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SJTU Research Team Published Research Paper in EBioMedicine

March 10, 2020      Author: Li Yang

On February 27, a research paper titled “Longitudinal Serum Autoantibody Repertoire Profiling Identifies Surgery-Associated Biomarkers in Lung Adenocarcinoma was published online in EBioMedicine, a top international journal. The paper, with great reference value to clinical application of tumor-associated auto-antibody, presents the latest research findings of the cooperation between Tao Shengce’s team from SJTU Center for Systems Biomedicine and Li Hecheng’s team from Rui Jin Hospital, SJTU School of Medicine.

The corresponding authors are Tao Shengce, a researcher of SJTU Center for Systems Biomedicine, and Li Hecheng, Director of Thoracic Surgery in Rui Jin Hospital, SJTU School of Medicine. Doctoral student Li Yang and Li Chengqiang are co-first authors. The research is supported by National Natural Science Foundation of China.


Autoantibodies against tumor associated antigens are highly related to cancer progression. Autoantibodies could serve as indicators of tumor burden, and have the potential to monitor the response of treatment and tumor recurrence. However, how the autoantibody repertoire changes in response to cancer treatment are largely unknown.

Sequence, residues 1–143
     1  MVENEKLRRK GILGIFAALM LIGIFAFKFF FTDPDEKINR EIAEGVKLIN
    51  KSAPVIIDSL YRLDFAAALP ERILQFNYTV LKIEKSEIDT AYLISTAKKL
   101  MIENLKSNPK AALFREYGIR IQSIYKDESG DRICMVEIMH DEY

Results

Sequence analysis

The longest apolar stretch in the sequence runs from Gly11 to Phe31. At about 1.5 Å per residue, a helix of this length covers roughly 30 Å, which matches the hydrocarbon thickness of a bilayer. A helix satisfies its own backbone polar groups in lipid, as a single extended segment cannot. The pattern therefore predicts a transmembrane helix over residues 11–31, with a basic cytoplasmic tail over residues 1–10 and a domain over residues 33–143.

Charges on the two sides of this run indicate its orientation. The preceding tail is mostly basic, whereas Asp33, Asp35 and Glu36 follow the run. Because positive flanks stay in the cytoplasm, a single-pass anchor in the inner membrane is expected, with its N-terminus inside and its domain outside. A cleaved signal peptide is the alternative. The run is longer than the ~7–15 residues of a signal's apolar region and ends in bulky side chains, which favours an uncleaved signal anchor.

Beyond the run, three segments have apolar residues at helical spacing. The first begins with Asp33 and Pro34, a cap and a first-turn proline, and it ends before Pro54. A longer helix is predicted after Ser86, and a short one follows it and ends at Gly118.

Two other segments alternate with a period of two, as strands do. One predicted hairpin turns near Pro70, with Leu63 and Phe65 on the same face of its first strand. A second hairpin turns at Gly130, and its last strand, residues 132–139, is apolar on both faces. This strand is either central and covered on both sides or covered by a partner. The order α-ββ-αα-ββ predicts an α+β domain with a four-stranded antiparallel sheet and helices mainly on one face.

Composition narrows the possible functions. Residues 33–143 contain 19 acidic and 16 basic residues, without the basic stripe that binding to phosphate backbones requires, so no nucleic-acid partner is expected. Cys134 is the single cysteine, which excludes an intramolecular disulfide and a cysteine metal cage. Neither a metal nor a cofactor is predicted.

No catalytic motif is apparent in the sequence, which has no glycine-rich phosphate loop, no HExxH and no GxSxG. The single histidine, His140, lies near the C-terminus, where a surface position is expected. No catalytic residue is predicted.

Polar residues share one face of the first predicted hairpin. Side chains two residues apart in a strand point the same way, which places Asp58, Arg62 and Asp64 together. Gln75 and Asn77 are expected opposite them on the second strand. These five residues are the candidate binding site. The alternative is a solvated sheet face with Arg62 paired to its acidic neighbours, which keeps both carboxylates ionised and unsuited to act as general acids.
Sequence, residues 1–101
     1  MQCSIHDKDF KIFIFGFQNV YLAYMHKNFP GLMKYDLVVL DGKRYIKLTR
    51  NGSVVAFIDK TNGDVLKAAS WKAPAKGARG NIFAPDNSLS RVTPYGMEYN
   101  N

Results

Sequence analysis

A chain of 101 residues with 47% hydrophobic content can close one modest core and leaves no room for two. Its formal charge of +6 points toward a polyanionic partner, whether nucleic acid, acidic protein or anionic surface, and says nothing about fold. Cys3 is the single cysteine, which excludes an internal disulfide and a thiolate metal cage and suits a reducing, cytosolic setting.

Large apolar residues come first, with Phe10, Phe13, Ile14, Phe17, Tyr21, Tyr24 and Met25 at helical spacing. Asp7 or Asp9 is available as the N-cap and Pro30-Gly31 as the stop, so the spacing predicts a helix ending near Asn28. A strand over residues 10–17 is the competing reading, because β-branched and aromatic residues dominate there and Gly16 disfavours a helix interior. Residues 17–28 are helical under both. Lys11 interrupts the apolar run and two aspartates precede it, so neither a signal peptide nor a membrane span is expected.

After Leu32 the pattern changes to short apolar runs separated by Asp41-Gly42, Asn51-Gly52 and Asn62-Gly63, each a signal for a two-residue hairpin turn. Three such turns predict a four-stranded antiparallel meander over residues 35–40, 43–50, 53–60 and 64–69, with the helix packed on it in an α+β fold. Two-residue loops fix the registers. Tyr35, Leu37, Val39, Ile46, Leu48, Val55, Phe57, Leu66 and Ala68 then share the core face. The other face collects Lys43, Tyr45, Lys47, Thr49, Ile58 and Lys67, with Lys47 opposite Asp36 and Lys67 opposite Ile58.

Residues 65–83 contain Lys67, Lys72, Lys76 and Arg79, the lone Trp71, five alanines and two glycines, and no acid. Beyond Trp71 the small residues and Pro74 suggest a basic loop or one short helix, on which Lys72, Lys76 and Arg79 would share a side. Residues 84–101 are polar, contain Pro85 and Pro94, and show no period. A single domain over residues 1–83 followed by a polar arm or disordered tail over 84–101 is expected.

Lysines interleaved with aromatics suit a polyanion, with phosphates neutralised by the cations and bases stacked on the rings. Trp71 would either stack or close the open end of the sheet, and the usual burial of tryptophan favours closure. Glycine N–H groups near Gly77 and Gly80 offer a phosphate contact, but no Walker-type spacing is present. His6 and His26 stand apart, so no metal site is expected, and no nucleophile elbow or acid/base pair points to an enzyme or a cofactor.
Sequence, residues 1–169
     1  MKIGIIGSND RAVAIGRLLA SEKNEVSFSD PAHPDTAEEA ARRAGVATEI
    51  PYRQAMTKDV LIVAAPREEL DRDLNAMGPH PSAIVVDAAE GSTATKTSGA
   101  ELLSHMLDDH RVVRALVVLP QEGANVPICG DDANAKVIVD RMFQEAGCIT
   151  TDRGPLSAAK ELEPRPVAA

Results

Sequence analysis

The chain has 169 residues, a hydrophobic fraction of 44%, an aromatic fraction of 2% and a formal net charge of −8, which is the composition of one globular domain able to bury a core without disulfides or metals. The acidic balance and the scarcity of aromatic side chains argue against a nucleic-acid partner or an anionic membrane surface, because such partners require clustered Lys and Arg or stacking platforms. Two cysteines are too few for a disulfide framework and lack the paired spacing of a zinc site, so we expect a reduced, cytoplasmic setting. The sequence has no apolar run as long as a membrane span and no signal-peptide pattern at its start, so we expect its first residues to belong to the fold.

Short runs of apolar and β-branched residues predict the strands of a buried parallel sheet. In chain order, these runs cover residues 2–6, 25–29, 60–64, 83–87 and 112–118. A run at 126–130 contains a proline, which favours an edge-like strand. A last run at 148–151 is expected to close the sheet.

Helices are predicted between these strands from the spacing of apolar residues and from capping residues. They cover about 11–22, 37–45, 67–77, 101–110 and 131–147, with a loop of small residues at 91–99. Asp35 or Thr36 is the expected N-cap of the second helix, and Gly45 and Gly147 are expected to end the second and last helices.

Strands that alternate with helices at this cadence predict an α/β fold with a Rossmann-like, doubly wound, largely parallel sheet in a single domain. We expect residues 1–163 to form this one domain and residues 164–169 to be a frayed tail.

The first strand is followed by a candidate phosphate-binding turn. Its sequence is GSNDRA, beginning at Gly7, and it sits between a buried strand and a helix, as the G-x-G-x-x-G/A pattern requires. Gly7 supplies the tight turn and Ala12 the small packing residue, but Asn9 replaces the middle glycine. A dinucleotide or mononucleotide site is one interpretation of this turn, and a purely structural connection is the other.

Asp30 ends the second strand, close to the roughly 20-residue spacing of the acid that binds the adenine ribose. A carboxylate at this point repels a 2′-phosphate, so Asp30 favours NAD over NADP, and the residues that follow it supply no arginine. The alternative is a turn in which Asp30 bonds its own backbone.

Systematical study of the autoantibody repertoire alteration in response to treatment has been barely reported, and to what extent or how prevalent of the autoantibody repertoire alteration is largely unknown. We hypothesize that many more TAAs besides p53 may exist with low prevalence, and one of the best strategies to identify TAAs for recurrence monitoring is to analyze and compare longitudinal samples collected from the same patient. To prove this concept, we collected longitudinal (start from September, 2017, we are still collect- ing) serum samples from 5 patients of lung adenocarcinoma who received surgery. All the samples were then probed on a human prote- ome microarray that contains 20,240 recombinant human proteins [33,34], and the autoantibody profiles were collected for each sample. After comparing the profiles of the samples collected at different time points, especially before and after surgery, from the same individual, we identified several antigens with patterned changes along the time period of serum sample collection. After further study, these antigens may serve as potential markers for alarming the tumor recurrence.